How to Manage Pests
UC Pest Management Guidelines
Blue Alfalfa Aphid
Scientific Name: Acyrthosiphon kondoi
(Reviewed 1/17, updated 1/17, corrected 12/18)
In this Guideline:
DESCRIPTION OF THE PESTS (View photos to identify aphids)
The blue alfalfa aphid is a large blue-green aphid with long legs, antennae, cornicles, and cauda. It is similar in appearance to the pea aphid but can be distinguished by examining the antennae. The antennae of the pea aphid have narrow dark bands on each segment, whereas those of the blue alfalfa aphid gradually darken to brown as you near the tip of the antennae.
Both the blue alfalfa aphid and the pea aphid prefer cooler temperatures (optimal temperature for development of both blue alfalfa and pea aphid is around 60°F); however, the blue alfalfa aphid is more tolerant than the pea aphid of cool temperatures and appears earlier in growing season. The biology and population levels of the blue alfalfa aphid has changed in recent years. Damaging numbers are most common in the mid- to late winter in the desert production areas, in the late winter to early spring in the Central Valley, and the spring to early summer in the intermountain areas. However, blue alfalfa aphids may also be found in the fall in many areas.
The blue alfalfa aphid and the pea aphid may occur in mixed populations. Historically, both species were present in alfalfa fields at the same time as the alfalfa weevils. However, now both blue alfalfa and pea aphids can be present in the fall, winter, and spring. The blue alfalfa aphid colonizes the plant terminals while pea aphid is usually more generally distributed. Both species prefer to feed on the stems rather than the leaves.
While feeding on alfalfa, the blue alfalfa injects a toxin that retards growth, reduces yield, and may even kill plants. The toxin injected by the blue alfalfa aphid is more potent than that of the pea aphid (pea aphid toxin itself is not particularly damaging to alfalfa plants). Toxin that remains in the stems and crown after harvest of the upper plant material may continue to retard stem growth and elongation and may carry over to the next cutting, or even the subsequent two cuttings.
Damage can also reduce the alfalfa's feeding value. A black fungus, sooty mold, grows on the honeydew excreted by the aphid and reduces palatability to livestock. Damage is more severe on short growth alfalfa than on taller alfalfa for both species.
Using resistant varieties of alfalfa and encouraging populations of natural enemies are very important in managing blue alfalfa aphid. It is critical to distinguish between the blue alfalfa and pea aphids because blue alfalfa aphid causes more damage than pea aphid, and the two species have different treatment thresholds. Natural enemies, especially lady beetles, are monitored along with the aphids to determine the need for a pesticide application. Aphids may become a more severe problem when weevil sprays reduce the numbers of natural enemies. Border harvesting or strip cutting can be a useful tool for preserving natural enemies.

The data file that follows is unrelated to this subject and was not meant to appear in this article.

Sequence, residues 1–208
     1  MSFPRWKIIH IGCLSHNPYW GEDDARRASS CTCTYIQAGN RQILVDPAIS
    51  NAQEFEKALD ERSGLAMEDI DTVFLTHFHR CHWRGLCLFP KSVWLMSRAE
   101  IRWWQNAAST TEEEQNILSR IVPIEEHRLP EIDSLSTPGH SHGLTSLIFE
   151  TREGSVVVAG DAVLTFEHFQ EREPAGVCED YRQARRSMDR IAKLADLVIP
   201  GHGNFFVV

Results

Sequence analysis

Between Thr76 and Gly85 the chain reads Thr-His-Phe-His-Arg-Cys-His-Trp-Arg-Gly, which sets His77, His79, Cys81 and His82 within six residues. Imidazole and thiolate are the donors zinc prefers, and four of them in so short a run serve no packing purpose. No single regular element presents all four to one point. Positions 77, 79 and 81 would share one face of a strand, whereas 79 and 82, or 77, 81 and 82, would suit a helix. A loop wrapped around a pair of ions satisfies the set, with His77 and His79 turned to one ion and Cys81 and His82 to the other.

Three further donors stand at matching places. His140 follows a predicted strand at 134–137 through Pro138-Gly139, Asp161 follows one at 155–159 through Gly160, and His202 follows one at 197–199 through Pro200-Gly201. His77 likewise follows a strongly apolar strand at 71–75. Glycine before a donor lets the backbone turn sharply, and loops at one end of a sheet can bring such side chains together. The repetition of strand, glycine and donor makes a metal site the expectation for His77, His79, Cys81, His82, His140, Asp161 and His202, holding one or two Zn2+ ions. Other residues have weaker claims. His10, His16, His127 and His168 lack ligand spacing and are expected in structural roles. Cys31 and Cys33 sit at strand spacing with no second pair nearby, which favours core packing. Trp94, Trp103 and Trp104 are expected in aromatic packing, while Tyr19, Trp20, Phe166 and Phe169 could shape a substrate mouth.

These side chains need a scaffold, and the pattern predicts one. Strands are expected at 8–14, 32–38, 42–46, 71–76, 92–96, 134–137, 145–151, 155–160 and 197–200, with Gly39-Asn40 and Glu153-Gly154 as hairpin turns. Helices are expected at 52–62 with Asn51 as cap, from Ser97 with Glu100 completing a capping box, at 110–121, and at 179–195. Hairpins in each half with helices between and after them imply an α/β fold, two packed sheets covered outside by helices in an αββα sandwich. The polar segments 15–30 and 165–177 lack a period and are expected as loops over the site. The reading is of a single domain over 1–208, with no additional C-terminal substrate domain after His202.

Planting alfalfa varieties resistant to blue alfalfa aphid has been the most effective means of controlling aphids in alfalfa. Prolonged periods of below-normal temperatures, however, may lower plant resistance to blue alfalfa aphid when it is most needed and some crop injury may occur. At around 70°F, the host plant resistance should be fully expressed.
When selecting varieties, consult your cooperative extension advisor for information on resistant varieties suited to your area, or check a list of alfalfa varieties provided by the National Alfalfa & Forage Alliance. Additionally, a yearly alfalfa variety performance report can be found at http://alfalfa.ucdavis.edu.
Biological Control (View photos of natural enemies)
The most significant aphid predators are several species of lady beetles, including Hippodamia convergens and Coccinella septempunctata that attack and consume both the blue alfalfa and pea aphid species. Green lacewings can also be important in regulating aphids and many other predators including bigeyed bugs (Geocoris spp.), damsel bugs (Nabis spp.), and syrphid fly larvae also play a role.
Aphidius smithi and A. ervi are parasites of alfalfa aphids. Large golden-brown aphid mummies on the upper surfaces of leaves indicate parasitization. When a high level of parasitization is present, carefully consider the need to apply insecticides for aphids. Parasites frequently provide adequate control.
A naturally occurring fungal disease, which is most prevalent during cool, rainy, or foggy weather, may also control aphids.
Use border-strip cutting during harvest to help maintain populations of parasites and predators within the field. For more details, see BORDER-STRIP HARVESTING.
Organically Acceptable Methods
The use of resistant varieties, biological control, and cultural control are acceptable to use on an organically certified crop. Organically certified insecticides such as azadirachtin (Neemix), neem oil (Trilogy), and pyrethrin (PyGanic) are registered for use on alfalfa to control aphids. Studies conducted in California, however, have shown that at best they provide slight suppression of aphids but do not control them.
Monitoring and Treatment Decisions
Start to monitor fields as soon as the first aphids are observed. Use monitoring as described in APHID MONITORING.
If natural enemies fail to keep the aphids in check, an insecticide application may be necessary. Economic treatment thresholds for both blue alfalfa and pea aphids are as follows (if both species are present, use the blue alfalfa aphid treatment levels):
UC IPM Pest Management Guidelines:
Insects and Mites
L. D. Godfrey, Entomology, UC Davis
Acknowledgment for contributions to Insects and Mites:D. R. Haviland, UC Cooperative Extension, Kern County
M. Rethwisch, UC Cooperative Extension, Riverside County (Blythe)
C. G. Summers, Entomology, Kearney Agricultural Center